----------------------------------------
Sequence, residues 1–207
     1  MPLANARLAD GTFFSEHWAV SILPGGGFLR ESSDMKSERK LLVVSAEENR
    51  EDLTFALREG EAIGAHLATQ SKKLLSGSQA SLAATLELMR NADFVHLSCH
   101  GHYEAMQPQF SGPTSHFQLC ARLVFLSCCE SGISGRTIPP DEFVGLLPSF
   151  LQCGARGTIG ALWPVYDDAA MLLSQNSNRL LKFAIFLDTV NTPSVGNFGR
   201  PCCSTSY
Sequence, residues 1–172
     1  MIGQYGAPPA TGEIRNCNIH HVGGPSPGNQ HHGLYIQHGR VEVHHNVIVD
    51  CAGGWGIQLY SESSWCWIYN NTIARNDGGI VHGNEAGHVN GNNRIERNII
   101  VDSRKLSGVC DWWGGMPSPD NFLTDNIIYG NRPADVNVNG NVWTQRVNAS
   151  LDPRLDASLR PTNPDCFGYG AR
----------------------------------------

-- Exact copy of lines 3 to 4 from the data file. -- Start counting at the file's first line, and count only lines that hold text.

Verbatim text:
    51  EDLTFALREG EAIGAHLATQ SKKLLSGSQA SLAATLELMR NADFVHLSCH
   101  GHYEAMQPQF SGPTSHFQLC ARLVFLSCCE SGISGRTIPP DEFVGLLPSF